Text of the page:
The album displays a lot of diversity. How do you maintain your unique sound while incorporating various ideas?

Wolf Hoffmann: Well, we try to stay on target when it comes to songwriting. When it’s time to write the songs and when it’s time to pick the songs for the album, we try to be mindful of Accept’s legacy. We ask ourselves which ones sound the most like Accept and which ones do not. Maybe there’s a pretty good idea, but it doesn’t feel like Accept, so we’ll throw it out. There’s no point in trying to be somebody else. We are who we are, and we’re very proud of that fact. We want to build on that and just get better with each album, but not different, to be honest.

© Christoph Vohler

Have you considered taking more risks with ideas that may not fit the typical Accept style, but could still please fans?

Wolf Hoffmann: Hmm, not really, because those days of trying to find our style are behind us. We have our style, and we know who we are and what we want. That’s what we’re aiming for. There will always be unfinished songs and leftover material. I mean, for every album, I compare it to photography because I was a photographer for a while. I liken it to taking pictures.

Let’s say your task is to shoot 10 great pictures of Paris. You can’t just go out and snap 10 pictures. You have to take maybe 10,000 and then pick the best 10 and ask yourself, ‘Do they fit together? Do they work together?’ That’s what an album is like. There’s a lot of throwaway stuff that never sees the light of day because it’s part of the selection process. It’s normal to have some rejects and stuff that you distance yourself from.

How relevant is it to release your 17th studio album in 2024, considering your extensive discography?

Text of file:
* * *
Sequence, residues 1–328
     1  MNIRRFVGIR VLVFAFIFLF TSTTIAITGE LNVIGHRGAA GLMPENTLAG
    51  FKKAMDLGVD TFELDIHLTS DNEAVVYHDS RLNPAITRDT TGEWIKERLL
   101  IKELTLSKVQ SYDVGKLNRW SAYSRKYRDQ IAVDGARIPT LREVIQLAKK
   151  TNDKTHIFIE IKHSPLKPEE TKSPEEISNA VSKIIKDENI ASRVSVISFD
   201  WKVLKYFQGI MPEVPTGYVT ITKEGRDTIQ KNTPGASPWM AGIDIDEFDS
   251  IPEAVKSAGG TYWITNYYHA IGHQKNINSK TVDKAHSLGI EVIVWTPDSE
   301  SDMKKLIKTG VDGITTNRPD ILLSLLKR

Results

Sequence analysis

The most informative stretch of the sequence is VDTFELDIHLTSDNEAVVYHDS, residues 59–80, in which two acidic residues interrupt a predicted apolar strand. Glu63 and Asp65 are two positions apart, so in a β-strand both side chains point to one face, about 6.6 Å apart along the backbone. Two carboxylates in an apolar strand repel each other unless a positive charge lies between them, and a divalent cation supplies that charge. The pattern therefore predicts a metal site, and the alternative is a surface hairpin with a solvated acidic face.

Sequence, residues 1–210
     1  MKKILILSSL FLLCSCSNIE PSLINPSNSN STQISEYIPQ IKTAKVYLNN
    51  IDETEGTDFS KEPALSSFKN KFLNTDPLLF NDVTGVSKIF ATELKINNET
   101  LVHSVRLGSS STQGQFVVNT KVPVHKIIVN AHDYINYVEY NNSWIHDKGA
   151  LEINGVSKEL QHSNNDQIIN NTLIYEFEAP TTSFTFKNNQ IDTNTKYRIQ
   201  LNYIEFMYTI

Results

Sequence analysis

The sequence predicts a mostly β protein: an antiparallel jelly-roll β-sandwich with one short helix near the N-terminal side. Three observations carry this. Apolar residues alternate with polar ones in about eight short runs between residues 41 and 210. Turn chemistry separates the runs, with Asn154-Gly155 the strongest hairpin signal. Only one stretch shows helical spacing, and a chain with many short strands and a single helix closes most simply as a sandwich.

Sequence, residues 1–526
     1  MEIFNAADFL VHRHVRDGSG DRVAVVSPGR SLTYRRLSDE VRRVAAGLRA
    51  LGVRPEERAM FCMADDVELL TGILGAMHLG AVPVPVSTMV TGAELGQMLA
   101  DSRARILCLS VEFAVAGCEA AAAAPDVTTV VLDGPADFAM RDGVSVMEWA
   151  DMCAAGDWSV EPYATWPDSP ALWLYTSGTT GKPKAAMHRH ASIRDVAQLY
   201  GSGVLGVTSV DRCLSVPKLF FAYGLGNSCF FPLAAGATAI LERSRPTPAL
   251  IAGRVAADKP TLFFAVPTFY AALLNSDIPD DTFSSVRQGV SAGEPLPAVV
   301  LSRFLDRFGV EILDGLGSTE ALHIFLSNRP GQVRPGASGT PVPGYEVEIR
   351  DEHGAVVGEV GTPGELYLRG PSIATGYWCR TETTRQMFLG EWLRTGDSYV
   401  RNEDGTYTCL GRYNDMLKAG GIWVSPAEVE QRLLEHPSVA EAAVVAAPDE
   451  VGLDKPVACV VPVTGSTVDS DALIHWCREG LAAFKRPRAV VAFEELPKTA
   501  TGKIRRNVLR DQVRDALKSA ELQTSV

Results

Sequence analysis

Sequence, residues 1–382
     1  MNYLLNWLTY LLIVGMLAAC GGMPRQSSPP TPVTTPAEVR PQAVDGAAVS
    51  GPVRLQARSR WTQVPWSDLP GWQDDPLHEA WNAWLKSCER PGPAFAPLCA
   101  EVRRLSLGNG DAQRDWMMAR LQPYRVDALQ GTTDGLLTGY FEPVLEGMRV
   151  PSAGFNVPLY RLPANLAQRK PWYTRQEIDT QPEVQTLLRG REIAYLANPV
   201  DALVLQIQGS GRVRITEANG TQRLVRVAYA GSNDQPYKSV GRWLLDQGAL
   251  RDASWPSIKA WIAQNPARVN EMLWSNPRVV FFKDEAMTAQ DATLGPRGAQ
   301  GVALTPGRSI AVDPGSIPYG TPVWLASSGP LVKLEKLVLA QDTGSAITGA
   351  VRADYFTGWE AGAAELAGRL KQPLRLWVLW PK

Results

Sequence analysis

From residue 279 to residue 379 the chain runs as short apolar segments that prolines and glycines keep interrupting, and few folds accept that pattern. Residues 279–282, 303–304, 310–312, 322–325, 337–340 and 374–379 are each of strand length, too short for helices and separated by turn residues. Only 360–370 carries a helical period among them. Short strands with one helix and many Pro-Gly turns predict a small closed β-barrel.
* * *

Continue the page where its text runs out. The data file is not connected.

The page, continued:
Wolf Hoffmann: It’s not any more challenging than it was for the last album or the previous one. It’s kind of the same with each album. You always try to challenge yourself to do the best you can do. With each album, I think, ‘Alright, this might be the best one yet,’ because there’s a chance that every album or every song you write could be the most successful one you’ve ever done, the best one.

And then, whether it’s best received, you know, could be, you never know. And if you try hard or if you are really lucky, then it might be the one that sets you over the moon. I mean, at this late stage, it’s kind of unlikely, but do people still have hits? Sometimes we’re saying, ‘Oh, this is gonna be a hit,’ but really, what is a hit nowadays?

Despite your established career, do you still find it important to release new music?

Wolf Hoffmann: I think it is. I see it as a sign to the fans, but also to ourselves. It’s a sign that we’re serious about what we do and that we’re up for the challenge. We could very well say, ‘Okay, we have enough music, nobody needs new Accept music,’ but then the fans tell me otherwise, and I think I still have it in me. And we all still do. At the end of the day, it’s a lot of fun to create new stuff too. I mean, I wouldn’t be here if we hadn’t done it. (laughs)